The feasability of inertial measurement units (IMU) in capturing basic upper body motion

Conference poster


Briley, S., Reynolds, S. and Outram, T. 2024. The feasability of inertial measurement units (IMU) in capturing basic upper body motion. British Association of Sport and Exercise Science - Biomechanics and Motor control Interest group. Online 07 - 07 Jun 2023
AuthorsBriley, S., Reynolds, S. and Outram, T.
TypeConference poster
Abstract

INTRODUCTION

Three- Dimensional (3D) motion capture is accepted
to be the gold standard approach to all data collection
for the production of accurate data. Yet concerns over
the ecological validity of 3D systems has come into
question [1]. This has brought about the exploration
of alternate methods such as inertial measurement
units (IMU’s). The depth of research on IMU usage in
wheelchair data collection is limited, particularly in
comparison to an established data collection system,
primarily focused around the use of IMU’s rather than
validation studies aiming to ensure their reliability and
accuracy. This single-subject pilot study aims to
explore the feasibility of using IMU’s for capturing
basic upper body motions during wheelchair
propulsion. Specifically, to assess the potential
limitations of IMUs in accurately measuring elbow
and shoulder flexion.

METHODS
Several IMU (Vicon Blue Trident sensor, Vicon,
Oxford, UK) placements and calibration stances were
investigated for the collection of elbow flexion and
shoulder flexion. The IMUs utilized were Vicon Blue
Trident sensors (Vicon, Oxford, UK). IMUs were
positioned at two locations for elbow flexion: at the
wrist and centrally on the forearm. For shoulder
flexion measurements, the IMU was situated 1 cm
above the elbow joint. During the calibration phase,
the participant assumed a standing anatomical
position with their thumbs forwards, palms outwards,
bent elbow and straight arms outwards at 90 degrees
for elbow flexion and shoulder flexion respectfully.
For both shoulder and elbow flexion, the participant
started at a neutral position and proceeded to move
through to 90 degrees of flexion and returned to
starting position. Quintic biomechanical software
(Quintic Biomechanics v25 Video Analysis Software,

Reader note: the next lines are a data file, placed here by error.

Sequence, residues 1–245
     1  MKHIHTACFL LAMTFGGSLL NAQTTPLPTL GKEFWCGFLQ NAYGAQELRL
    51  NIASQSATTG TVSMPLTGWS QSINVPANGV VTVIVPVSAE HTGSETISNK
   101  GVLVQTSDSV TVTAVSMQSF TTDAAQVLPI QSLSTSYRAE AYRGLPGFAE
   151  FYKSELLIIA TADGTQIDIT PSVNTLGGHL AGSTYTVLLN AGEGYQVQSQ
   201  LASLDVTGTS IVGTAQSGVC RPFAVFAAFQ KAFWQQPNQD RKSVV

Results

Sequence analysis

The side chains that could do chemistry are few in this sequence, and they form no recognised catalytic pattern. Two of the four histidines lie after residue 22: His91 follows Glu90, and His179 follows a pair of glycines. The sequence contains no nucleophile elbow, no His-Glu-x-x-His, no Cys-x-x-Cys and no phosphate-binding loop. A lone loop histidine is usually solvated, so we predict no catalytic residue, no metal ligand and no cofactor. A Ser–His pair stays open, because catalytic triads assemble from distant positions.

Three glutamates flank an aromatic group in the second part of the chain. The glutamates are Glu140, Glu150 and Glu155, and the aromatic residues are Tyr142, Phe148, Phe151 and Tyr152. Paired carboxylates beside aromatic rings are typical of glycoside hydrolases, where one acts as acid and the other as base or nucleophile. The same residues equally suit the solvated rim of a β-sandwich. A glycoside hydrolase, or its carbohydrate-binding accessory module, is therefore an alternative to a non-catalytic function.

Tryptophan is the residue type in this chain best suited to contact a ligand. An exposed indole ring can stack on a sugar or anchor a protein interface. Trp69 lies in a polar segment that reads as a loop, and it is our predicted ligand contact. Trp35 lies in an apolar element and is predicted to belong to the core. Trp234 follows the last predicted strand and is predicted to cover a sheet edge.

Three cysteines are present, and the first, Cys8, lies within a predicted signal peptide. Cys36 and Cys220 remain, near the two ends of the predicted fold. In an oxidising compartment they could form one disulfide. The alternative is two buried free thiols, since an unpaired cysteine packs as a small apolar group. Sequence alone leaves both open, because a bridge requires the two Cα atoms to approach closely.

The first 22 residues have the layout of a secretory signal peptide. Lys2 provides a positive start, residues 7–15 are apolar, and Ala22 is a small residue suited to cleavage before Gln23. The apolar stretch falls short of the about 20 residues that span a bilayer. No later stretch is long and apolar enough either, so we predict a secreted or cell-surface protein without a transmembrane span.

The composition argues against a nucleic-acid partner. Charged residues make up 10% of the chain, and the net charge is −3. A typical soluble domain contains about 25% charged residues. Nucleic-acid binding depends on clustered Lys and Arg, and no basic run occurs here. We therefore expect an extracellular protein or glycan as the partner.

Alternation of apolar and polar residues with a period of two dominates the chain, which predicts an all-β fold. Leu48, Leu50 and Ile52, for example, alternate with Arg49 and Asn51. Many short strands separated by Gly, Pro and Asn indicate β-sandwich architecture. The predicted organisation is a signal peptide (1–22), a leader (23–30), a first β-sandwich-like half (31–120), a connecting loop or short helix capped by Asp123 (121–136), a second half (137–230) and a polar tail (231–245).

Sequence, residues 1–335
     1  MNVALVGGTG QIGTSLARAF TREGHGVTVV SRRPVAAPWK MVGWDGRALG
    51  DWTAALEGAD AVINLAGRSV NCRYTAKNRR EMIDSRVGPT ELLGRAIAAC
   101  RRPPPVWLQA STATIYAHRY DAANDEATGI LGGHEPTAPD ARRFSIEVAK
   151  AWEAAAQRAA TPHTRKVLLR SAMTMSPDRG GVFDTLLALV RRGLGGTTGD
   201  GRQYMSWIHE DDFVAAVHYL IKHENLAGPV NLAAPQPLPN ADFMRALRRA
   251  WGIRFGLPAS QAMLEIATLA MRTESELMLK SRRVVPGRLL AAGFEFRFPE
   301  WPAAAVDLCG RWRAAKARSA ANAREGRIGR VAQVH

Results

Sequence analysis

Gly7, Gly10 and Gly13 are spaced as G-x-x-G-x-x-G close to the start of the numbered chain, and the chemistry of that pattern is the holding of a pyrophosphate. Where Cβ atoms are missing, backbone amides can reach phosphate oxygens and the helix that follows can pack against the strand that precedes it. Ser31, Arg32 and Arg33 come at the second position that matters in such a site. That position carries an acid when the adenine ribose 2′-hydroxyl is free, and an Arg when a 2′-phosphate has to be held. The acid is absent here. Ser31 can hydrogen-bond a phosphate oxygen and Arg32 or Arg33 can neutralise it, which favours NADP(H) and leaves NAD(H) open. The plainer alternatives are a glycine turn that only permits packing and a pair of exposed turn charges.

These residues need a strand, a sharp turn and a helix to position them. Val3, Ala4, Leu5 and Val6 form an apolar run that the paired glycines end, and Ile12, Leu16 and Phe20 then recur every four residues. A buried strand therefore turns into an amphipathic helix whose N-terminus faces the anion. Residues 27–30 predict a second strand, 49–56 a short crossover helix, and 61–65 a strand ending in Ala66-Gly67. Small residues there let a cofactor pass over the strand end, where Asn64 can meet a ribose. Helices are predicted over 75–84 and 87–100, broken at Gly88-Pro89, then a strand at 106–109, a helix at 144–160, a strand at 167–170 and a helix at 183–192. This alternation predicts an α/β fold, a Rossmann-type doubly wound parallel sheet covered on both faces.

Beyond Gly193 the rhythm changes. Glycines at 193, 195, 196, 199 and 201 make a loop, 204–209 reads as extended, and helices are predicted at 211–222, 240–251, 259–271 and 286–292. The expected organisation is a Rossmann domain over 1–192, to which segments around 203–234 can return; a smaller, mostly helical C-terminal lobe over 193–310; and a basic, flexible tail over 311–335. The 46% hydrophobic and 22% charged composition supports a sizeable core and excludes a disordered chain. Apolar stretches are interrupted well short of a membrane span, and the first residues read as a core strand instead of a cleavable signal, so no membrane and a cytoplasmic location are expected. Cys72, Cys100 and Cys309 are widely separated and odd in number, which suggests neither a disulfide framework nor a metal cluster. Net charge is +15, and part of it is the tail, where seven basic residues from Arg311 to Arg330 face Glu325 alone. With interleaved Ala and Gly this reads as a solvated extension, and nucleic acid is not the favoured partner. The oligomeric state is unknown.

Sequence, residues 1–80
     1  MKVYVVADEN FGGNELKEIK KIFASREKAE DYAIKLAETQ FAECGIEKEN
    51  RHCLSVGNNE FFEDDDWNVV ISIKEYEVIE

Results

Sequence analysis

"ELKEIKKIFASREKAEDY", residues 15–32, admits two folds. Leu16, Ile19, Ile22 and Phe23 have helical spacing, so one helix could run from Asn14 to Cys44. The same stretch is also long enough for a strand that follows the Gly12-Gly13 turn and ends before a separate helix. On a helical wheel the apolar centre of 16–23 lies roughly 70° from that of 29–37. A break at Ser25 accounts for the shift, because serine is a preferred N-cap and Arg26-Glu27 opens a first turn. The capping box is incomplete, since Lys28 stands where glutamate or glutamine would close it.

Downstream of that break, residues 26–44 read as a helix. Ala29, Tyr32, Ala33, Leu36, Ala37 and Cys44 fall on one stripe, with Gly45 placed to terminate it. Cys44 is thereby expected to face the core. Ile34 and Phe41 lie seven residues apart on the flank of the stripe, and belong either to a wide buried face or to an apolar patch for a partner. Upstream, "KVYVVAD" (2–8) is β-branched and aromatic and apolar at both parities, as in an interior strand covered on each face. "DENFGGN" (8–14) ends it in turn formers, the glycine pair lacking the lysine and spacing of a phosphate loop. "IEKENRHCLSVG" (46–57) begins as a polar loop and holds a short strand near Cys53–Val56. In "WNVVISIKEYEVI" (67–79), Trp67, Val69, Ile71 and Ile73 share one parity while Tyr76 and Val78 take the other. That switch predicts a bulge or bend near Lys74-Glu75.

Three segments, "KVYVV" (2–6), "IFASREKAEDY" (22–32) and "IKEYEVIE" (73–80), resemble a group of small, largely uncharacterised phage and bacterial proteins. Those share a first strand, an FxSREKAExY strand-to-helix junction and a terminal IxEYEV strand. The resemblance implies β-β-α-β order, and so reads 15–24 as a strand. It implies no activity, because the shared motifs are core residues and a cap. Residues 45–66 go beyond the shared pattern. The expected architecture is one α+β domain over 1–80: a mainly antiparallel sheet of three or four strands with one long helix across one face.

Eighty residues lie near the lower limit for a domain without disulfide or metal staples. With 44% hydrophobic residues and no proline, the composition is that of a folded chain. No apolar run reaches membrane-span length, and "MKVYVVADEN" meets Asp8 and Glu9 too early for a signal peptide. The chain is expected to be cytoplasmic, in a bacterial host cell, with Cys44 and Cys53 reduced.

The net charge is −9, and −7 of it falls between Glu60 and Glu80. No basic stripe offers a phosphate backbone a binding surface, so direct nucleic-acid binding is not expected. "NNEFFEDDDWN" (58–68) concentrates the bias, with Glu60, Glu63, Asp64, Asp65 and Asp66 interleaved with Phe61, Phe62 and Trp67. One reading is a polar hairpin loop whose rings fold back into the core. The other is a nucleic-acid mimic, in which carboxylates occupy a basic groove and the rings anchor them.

Quintic Consultancy, West Midlands, UK) was
employed as the validated reference system for data
comparison and analysis.

RESULTS & DISCUSSION

The wrist placed IMU determined elbow flexion more
accurately than the forearm placed IMU. Range of
motion for both shoulder and elbow flexion were well
calculated within several degrees when using the
anatomical thumbs forwards calibration pose; with
100.0 and 89.7° respectively compared to 88.5 and
97.3°. However, the degree of elbow flexion in
relation to maximum values was overestimated with a
difference of 27.8°, with the IMU being 91.1 degrees
and quintic being 63.3°. Similar was also seen for the
prediction of elbow flexion during the starting stance
phase with a difference of 26.6 degrees. Shoulder
flexion prediction was better calculated with a smaller
difference of 6,6° between the IMU and Quintic for
the thumbs forward calibration pose and 2.5 degrees
for the palms forward calibration pose. For both
shoulder and elbow flexion, the arms forward
calibration stance resulted in large differences, with
14.6° and 75.1° difference in range of motion seen
respectively.

CONCLUSION

With range of motion accurately calculated in
comparison to quintic, and shoulder flexion maximum
and minimum values also being similar when
segment angle was calculated. Then the differences
are likely due to error in the calculation of joint angle
using a calculation of global coordinate system from
the IMU coordinate system during data processing.
Therefore, future research should target alternate
approaches to data processing in order to reduce the
errors seen. However, the accuracy in range of
motion prediction, presents the scope for further
research into the use of IMU’s in elements such as
bilateral differences in range of motion during
wheelchair activities. This potentially allows for their
use in basic analysis of wheelchair propulsion and
gives scope for investigation into factors such as
ground type on basic upper body motion during
wheelchair propulsion.

KeywordsWheelchair propulsion; Inertial measurement units; upper body kinematics
Year2024
ConferenceBritish Association of Sport and Exercise Science - Biomechanics and Motor control Interest group
Web address (URL)https://54ae9226-4447-4996-8673-dc39a653026a.filesusr.com/ugd/12d93b_b0e46a4db22f4c26b68525ae19a160d5.pdf
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Web address (URL) of conference proceedingshttps://54ae9226-4447-4996-8673-dc39a653026a.filesusr.com/ugd/12d93b_b0e46a4db22f4c26b68525ae19a160d5.pdf
Publication process dates
Deposited22 Apr 2024
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